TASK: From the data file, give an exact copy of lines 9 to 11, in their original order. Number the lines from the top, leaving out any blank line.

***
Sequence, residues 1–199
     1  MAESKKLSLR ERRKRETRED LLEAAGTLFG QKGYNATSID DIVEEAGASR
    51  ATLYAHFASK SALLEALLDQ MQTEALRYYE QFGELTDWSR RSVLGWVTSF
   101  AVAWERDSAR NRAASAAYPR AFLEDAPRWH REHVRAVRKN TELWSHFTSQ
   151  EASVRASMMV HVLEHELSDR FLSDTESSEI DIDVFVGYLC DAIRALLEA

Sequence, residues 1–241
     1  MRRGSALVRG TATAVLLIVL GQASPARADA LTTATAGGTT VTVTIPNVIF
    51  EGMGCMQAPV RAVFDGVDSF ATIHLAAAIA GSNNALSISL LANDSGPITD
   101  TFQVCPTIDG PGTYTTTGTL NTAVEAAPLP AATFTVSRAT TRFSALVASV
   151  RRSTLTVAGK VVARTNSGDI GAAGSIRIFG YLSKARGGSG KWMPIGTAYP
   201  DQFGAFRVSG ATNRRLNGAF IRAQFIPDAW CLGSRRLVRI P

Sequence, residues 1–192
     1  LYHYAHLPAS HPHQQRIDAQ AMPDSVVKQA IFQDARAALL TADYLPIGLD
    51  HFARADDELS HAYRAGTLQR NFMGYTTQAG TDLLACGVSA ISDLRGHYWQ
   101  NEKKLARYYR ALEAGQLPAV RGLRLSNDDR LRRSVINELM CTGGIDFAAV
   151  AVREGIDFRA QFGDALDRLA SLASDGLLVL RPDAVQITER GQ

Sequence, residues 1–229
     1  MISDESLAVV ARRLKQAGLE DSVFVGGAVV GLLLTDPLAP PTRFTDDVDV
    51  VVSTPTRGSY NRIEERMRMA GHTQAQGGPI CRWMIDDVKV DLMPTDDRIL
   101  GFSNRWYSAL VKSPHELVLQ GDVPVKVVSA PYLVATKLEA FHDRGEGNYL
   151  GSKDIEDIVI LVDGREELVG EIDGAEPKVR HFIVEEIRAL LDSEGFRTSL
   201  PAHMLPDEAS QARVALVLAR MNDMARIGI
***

   101  TFQVCPTIDG PGTYTTTGTL NTAVEAAPLP AATFTVSRAT TRFSALVASV
   151  RRSTLTVAGK VVARTNSGDI GAAGSIRIFG YLSKARGGSG KWMPIGTAYP
   201  DQFGAFRVSG ATNRRLNGAF IRAQFIPDAW CLGSRRLVRI P